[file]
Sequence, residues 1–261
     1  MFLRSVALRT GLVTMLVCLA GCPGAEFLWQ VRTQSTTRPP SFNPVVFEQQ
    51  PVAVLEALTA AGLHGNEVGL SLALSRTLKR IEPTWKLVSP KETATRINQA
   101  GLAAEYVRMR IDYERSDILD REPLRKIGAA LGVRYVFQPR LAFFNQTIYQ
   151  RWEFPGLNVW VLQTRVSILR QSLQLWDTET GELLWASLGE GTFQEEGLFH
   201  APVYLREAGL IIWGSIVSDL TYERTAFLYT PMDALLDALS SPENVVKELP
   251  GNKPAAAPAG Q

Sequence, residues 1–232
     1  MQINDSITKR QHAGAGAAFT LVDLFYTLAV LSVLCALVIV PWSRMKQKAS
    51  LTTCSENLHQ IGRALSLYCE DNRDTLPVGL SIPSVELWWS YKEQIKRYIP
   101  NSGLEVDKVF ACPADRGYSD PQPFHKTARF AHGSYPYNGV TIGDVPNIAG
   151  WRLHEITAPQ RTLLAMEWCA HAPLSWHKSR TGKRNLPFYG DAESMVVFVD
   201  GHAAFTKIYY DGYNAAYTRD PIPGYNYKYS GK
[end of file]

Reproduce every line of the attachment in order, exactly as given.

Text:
Sequence, residues 1–261
     1  MFLRSVALRT GLVTMLVCLA GCPGAEFLWQ VRTQSTTRPP SFNPVVFEQQ
    51  PVAVLEALTA AGLHGNEVGL SLALSRTLKR IEPTWKLVSP KETATRINQA
   101  GLAAEYVRMR IDYERSDILD REPLRKIGAA LGVRYVFQPR LAFFNQTIYQ
   151  RWEFPGLNVW VLQTRVSILR QSLQLWDTET GELLWASLGE GTFQEEGLFH
   201  APVYLREAGL IIWGSIVSDL TYERTAFLYT PMDALLDALS SPENVVKELP
   251  GNKPAAAPAG Q

Sequence, residues 1–232
     1  MQINDSITKR QHAGAGAAFT LVDLFYTLAV LSVLCALVIV PWSRMKQKAS
    51  LTTCSENLHQ IGRALSLYCE DNRDTLPVGL SIPSVELWWS YKEQIKRYIP
   101  NSGLEVDKVF ACPADRGYSD PQPFHKTARF AHGSYPYNGV TIGDVPNIAG
   151  WRLHEITAPQ RTLLAMEWCA HAPLSWHKSR TGKRNLPFYG DAESMVVFVD
   201  GHAAFTKIYY DGYNAAYTRD PIPGYNYKYS GK